Withdrawal can be accomplished through pumping sub-thermocline water from depth into downstream areas. A special withdrawal tube—an Olszewski pipe, with openings set at depths below the thermocline—has been used in the past. In lakes or reservoirs with dam outlets at depth, if those outlets are deeper than the thermocline, then opening the outlets following stratification and nutrient accumulation at depth could remove the regenerated nitrogen and phosphorus, thereby limiting access by cyanobacteria populations in the epilimnion.
At Milford Reservoir in Kansas, which has a surface area of over 15,000 acres, the management plan implemented since 2017 incorporates a spring drawdown that exposes a broad shallow area in the upper portion of the water body; this is specifically designed to reduce habitat where cyanobacterial blooms develop (USACE 2019). While some studies have found success implementing drawdowns to control benthic cyanobacteria, others, such as Turner et al. (2005), saw no significant effect of three consecutive winter drawdowns. Despite loss of colonizable substrate, Turner et al. (2005) attributed their observations to short turnover times of benthic cyanobacteria, mobility, and increases in algae associated with nutrient pulses.
Regional rainfall patterns may impact capability, influence water residence time, and change cyanobacteria dominance and persistence (Jagtman, Van der Molen, and Vermij 1992, Larsen et al. 2020). Other environmental factors—such as thermal stratification, water temperature, and potential fisheries—should be considered before implementing this strategy (Nelson et al. 2018). Often, numerical modeling can help evaluate these environmental factors and determine whether hypolimnetic withdrawal or drawdown will be beneficial for the reservoir. The cost of raw water and limited supplies in many regions of the United States may also be a deciding factor. In these cases, the intangible cost (economics) of closing a water body due to HCBs should also be considered.
Deploying and securing an Olszewski pipe is not inexpensive and pumping from depth will require power. Labor for maintenance and operations should be moderate and limited to the periods following stratification.
Relative cost per growing season: Hypolimnetic withdrawal
|ITEM||RELATIVE COST PER GROWING SEASON|
|Personal Protective Equipment||$|
Financial costs depend on site-specific geographical settings and water availability. For example, if hydroelectric facilities are associated with run-of-the-river facilities, the financial tradeoffs of water, electric power, and public perception must be thoroughly vetted before hypolimnetic withdrawal or drawdown management strategies are implemented. In the arid West, water availability and the cost of water severely limit the feasibility of hydraulic or flushing strategies, although water level drawdown may be more practical in this region.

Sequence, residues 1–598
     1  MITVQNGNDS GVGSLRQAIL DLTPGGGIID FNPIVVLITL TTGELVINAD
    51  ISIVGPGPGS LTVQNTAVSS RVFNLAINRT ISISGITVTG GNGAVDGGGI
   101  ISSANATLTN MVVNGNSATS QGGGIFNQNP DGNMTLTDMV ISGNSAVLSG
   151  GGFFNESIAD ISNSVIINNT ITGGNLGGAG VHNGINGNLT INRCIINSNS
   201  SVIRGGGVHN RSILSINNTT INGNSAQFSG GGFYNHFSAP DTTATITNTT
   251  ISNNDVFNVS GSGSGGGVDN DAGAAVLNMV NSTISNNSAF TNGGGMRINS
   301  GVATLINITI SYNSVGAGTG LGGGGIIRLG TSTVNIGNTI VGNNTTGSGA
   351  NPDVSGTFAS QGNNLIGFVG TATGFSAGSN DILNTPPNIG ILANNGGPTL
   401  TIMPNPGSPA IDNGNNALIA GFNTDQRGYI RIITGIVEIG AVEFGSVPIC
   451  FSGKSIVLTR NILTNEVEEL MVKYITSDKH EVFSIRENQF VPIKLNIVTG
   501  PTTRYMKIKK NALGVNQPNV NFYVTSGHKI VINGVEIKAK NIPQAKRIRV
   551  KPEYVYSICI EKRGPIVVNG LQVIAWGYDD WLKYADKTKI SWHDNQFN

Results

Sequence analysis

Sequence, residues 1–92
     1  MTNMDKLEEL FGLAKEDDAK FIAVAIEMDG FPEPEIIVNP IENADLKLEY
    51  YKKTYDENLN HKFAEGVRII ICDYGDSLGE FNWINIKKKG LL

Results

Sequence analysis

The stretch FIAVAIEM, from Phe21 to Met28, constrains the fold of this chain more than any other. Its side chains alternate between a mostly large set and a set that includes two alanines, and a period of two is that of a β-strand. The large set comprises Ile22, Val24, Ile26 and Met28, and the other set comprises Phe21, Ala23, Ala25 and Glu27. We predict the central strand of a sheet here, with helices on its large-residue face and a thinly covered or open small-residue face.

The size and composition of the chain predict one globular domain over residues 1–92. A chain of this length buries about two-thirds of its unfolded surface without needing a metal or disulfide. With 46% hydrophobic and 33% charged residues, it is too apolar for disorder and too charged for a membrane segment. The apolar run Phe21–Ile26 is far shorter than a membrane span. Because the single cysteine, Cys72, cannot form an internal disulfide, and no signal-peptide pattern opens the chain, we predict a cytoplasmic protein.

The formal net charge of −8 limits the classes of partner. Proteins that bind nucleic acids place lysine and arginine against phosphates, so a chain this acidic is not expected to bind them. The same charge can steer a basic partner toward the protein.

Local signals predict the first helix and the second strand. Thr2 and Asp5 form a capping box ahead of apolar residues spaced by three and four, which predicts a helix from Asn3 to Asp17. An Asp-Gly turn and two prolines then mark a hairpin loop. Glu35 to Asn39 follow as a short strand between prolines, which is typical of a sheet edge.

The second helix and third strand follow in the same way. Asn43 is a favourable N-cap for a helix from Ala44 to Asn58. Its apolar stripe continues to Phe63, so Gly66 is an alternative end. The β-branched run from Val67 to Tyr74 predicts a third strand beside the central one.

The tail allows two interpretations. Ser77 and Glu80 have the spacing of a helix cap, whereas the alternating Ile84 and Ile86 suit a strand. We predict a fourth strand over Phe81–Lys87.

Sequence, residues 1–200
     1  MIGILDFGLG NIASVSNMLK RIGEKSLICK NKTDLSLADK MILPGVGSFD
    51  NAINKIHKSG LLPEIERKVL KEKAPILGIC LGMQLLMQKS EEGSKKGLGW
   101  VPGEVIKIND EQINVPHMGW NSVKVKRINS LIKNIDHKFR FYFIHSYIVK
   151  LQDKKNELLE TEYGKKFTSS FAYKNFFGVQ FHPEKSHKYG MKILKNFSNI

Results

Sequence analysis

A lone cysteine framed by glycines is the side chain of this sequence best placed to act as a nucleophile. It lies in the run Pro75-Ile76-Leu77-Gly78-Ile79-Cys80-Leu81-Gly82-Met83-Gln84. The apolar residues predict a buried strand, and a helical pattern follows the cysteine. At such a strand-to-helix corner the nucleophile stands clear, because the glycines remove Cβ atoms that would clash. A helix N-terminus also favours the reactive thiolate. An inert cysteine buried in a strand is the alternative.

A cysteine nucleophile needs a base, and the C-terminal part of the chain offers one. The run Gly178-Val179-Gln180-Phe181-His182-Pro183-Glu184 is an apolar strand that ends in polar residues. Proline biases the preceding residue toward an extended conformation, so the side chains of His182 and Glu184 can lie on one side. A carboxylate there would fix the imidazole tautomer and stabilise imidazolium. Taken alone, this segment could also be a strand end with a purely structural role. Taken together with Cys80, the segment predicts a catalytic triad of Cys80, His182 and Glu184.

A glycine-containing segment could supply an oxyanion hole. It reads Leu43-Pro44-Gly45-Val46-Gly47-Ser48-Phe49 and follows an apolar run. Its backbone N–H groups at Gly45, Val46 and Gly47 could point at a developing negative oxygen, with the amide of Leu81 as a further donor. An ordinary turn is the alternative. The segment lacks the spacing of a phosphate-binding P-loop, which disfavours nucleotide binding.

REGULATORY AND POLICY CONSIDERATIONS
Nearly all in-water prevention or intervention techniques, including hypolimnetic withdrawal and water level drawdown, will require some form of permitting or approval at the federal, state, or local level (Holdren, Jones, and Taggart 2001). Because these management strategies have the potential to flush sediment, nutrients, cyanobacteria (cyanotoxins), and other metalloid or hydrocarbon compounds to downstream regulated water bodies (as well as affect streamflow and water availability downstream), the state water quality regulatory office is the most appropriate agency to contact early in the planning phase.
Regulatory planning for hypolimnetic withdrawal or drawdown techniques may include but is not limited to Clean Water Act Sections 401 or 404 permitting, NPDES permitting, drawdown permitting, and water rights administration permitting. Depending on the scale of the project and the extent of stakeholders, permitting could take months to years, so planning is critical. Implementing these techniques as short-term intervention approaches also depends on the size of the water body, its physical characteristics, and its environmental setting, thereby requiring extensive planning. Local and state officials should be contacted regarding permitting and use, particularly for potential impacts downstream from nutrient-rich, potentially sulfidic bottom waters.